Take the 2-minute tour ×
Stack Overflow is a question and answer site for professional and enthusiast programmers. It's 100% free.

Suppose there is a live WAV stream that can be reached at a certain URL, and we need to stream it with as little latency as possible. Using HTML5 <audio> for this task is a no-go, because browsers attempt to pre-buffer several seconds of the stream, and the latency goes up accordingly. That's the reason behind using Flash for this task. However, due to my inexperience with this technology, I only managed to get occasional clicks and white noise. What's wrong in the code below? Thanks.

var soundBuffer: ByteArray = new ByteArray();
var soundStream: URLStream = new URLStream();
soundStream.addEventListener(ProgressEvent.PROGRESS, readSound);
soundStream.load(new URLRequest(WAV_FILE_URL));
var sound = new Sound();

function readSound(event:ProgressEvent):void {
    soundStream.readBytes(soundBuffer, 0, soundStream.bytesAvailable);

function playSound(event:SampleDataEvent):void {
    /* The docs say that if we send too few samples,
      Sound will consider it an EOF */
    var samples:int = (soundBuffer.length - soundBuffer.position) / 4
    var toadd:int = 4096 - samples;
    try {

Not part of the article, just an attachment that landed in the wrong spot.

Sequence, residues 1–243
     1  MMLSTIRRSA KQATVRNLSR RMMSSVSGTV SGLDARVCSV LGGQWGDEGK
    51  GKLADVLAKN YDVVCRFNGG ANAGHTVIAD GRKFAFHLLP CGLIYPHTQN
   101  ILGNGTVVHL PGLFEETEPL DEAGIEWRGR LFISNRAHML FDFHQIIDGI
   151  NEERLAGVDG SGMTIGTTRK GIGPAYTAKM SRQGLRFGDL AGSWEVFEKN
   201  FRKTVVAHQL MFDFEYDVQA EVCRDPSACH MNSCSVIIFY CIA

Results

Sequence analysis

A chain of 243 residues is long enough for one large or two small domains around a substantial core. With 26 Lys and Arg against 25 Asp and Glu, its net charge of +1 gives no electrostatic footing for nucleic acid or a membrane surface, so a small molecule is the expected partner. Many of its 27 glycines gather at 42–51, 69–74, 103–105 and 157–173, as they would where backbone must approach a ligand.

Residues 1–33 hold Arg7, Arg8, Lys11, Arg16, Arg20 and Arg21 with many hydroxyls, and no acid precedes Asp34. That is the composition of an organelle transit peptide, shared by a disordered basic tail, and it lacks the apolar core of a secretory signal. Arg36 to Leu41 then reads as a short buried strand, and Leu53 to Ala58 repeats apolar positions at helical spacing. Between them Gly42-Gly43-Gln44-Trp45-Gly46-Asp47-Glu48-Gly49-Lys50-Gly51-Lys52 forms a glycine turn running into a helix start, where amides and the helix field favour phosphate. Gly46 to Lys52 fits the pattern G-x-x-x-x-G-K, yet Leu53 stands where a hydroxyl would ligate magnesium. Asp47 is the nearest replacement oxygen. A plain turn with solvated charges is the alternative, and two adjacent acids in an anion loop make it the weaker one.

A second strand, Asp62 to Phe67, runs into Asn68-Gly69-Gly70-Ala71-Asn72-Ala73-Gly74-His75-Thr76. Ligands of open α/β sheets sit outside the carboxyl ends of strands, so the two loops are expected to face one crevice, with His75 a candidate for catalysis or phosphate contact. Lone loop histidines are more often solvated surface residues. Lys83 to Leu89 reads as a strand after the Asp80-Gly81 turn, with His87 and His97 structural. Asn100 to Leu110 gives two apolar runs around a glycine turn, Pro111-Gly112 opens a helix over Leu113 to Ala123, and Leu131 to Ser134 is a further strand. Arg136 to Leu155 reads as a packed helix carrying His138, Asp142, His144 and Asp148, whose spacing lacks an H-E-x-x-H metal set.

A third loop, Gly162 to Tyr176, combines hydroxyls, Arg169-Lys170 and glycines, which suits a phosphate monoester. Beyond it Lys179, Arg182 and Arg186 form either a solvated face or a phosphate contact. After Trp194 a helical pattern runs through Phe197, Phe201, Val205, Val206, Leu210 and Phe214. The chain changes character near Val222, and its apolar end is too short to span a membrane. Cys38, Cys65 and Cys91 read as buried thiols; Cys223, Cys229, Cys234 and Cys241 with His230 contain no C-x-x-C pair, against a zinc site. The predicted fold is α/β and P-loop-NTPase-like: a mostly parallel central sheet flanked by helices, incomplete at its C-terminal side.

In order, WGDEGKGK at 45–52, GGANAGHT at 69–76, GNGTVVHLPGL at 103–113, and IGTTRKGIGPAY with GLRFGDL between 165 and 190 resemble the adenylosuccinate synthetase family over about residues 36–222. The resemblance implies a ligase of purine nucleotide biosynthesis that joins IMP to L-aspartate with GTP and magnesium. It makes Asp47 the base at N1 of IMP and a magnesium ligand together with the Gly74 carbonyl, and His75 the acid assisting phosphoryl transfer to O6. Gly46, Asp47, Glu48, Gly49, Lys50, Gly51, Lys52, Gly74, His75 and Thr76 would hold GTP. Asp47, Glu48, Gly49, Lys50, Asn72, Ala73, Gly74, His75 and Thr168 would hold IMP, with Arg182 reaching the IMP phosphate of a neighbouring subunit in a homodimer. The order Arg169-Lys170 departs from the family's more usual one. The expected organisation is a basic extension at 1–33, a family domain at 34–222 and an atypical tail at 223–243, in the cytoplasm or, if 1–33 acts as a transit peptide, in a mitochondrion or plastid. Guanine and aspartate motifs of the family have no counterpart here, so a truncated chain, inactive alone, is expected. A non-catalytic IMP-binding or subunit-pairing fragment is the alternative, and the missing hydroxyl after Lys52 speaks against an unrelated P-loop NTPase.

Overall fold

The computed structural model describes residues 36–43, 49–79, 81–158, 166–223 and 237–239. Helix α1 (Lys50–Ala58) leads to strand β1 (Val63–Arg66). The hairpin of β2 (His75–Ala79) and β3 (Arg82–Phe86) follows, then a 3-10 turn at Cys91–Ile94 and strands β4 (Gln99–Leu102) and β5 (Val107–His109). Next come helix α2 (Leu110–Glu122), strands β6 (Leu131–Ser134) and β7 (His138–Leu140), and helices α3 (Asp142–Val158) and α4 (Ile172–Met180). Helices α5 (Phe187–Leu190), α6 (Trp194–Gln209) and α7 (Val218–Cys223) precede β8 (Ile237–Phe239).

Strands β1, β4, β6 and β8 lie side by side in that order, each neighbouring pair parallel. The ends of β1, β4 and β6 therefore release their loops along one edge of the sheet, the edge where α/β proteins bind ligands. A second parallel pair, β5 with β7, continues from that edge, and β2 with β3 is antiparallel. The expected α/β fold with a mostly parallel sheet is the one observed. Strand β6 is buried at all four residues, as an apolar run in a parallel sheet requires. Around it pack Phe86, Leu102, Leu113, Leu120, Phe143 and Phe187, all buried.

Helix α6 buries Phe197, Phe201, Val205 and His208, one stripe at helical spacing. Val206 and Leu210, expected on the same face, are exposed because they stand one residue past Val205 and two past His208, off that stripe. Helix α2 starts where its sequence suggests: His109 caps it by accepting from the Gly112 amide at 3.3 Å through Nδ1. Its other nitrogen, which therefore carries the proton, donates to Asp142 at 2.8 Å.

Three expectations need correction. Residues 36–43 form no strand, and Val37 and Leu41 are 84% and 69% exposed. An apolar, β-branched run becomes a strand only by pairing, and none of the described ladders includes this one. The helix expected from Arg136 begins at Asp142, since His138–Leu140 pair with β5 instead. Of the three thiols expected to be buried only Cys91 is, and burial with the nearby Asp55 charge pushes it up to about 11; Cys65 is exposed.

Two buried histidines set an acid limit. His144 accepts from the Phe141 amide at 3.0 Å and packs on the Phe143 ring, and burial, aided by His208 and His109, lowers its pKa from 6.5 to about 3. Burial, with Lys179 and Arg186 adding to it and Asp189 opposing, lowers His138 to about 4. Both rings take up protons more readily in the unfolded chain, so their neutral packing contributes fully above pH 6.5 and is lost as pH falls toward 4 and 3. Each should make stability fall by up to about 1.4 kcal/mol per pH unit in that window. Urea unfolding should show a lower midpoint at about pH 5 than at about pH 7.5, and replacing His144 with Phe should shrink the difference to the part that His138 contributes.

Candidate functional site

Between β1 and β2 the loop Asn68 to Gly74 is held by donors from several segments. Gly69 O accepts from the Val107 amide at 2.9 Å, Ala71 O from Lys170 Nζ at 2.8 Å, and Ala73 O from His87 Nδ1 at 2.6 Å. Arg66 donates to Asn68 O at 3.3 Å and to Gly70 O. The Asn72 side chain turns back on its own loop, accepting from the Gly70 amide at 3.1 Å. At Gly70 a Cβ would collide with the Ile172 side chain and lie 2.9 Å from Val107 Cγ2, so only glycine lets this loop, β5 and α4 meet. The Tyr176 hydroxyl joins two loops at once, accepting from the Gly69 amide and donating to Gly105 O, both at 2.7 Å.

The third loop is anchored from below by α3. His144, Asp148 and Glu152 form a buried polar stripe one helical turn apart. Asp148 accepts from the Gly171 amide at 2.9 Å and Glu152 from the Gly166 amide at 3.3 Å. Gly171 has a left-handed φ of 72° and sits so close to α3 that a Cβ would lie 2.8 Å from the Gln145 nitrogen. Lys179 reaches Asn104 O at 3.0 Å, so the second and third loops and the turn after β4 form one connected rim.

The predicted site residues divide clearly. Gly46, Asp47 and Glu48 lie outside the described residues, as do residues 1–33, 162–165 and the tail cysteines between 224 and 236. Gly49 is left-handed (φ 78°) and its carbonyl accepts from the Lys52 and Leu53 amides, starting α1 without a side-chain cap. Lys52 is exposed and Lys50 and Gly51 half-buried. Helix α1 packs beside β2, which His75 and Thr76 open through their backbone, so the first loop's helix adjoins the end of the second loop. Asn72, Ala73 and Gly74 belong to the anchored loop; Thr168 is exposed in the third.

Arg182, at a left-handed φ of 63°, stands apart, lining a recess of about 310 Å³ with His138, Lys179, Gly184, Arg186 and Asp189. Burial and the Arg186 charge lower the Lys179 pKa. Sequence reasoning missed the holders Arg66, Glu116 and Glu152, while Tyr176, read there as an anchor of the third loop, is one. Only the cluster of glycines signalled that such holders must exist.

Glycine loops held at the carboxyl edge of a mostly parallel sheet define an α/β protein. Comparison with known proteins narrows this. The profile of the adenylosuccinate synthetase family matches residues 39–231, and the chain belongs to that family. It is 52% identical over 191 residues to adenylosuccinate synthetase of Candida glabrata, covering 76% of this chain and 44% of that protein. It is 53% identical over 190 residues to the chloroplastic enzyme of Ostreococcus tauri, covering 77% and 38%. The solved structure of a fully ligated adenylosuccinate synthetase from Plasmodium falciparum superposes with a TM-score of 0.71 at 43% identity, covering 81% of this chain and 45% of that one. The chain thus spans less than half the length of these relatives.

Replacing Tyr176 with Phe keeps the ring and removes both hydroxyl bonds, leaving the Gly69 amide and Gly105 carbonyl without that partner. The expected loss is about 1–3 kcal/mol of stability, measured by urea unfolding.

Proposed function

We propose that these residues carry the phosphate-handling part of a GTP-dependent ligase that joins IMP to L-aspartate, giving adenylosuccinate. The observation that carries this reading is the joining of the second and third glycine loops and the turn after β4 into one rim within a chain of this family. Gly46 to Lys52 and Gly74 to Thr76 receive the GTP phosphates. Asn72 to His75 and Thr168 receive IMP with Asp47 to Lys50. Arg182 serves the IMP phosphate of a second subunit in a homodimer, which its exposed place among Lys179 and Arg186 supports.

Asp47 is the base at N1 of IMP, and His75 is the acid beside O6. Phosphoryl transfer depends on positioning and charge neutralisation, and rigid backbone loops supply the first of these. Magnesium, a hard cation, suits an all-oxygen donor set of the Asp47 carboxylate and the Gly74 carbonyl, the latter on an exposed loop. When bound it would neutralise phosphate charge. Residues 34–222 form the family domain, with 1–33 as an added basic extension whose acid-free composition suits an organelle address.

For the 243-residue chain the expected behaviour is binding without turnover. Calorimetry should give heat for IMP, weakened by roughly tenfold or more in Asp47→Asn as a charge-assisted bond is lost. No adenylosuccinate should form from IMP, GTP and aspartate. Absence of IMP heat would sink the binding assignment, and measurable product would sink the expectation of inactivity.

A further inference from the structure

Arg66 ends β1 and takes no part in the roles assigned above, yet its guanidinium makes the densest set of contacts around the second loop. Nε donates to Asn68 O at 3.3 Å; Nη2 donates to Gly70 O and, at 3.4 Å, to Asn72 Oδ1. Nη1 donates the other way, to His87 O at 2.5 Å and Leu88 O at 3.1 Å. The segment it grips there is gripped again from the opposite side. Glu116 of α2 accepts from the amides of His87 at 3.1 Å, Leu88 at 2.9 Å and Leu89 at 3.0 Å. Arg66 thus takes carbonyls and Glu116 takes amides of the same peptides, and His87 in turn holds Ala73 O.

for (var c: int=0; c < samples; c++) {
        var n:Number = soundBuffer.readFloat();
    } catch(e:Error) {
        ExternalInterface.call("errorReport", e.message);
    for (var d: int = 0; d < toadd; d++) {
share|improve this question
Okay; any advice on the core problem? –  dpq Mar 6 '12 at 18:57
Yup, The sound object can only play MP3s –  The_asMan Mar 6 '12 at 19:05
Not quite. The Adobe live docs even contain an example of playing a dynamically generated sine wave using exactly this method (except the loading par, of course). help.adobe.com/en_US/ActionScript/3.0_ProgrammingAS3/… –  dpq Mar 6 '12 at 19:09
Just because you can generate sound via bitmap writing doesn't mean you can decode an audio file. The two are not connected. A WAV will use a codex that the sound object doesn't understand. –  The_asMan Mar 6 '12 at 21:13
How low of latency is required? 100ms? 1 second? 5 seconds? –  Brad Mar 7 '12 at 16:18

1 Answer 1

up vote 1 down vote accepted

Like The_asMan pointed out, playing a wav file is not that easy. See as3wavsound for an example.

If your goal is low latency, the best option would be to convert to MP3, so you can use just use a SoundLoaderContext.

share|improve this answer
Thanks, that helped. However, I still get pretty high latency (>4 seconds) despite setting the bufferTime of SoundLoaderContext and globally at SoundMixer to 50ms. Any advice? –  dpq Mar 7 '12 at 17:29
You can try loading the entire file first with URLLoader, then using Sound.loadCompressedDataFromByteArray. That should tell you if something about the file or Flash is causing latency. If not, then it must be something with the network. –  Sean Fujiwara Mar 7 '12 at 19:50

Your Answer


By posting your answer, you agree to the privacy policy and terms of service.

Not the answer you're looking for? Browse other questions tagged or ask your own question.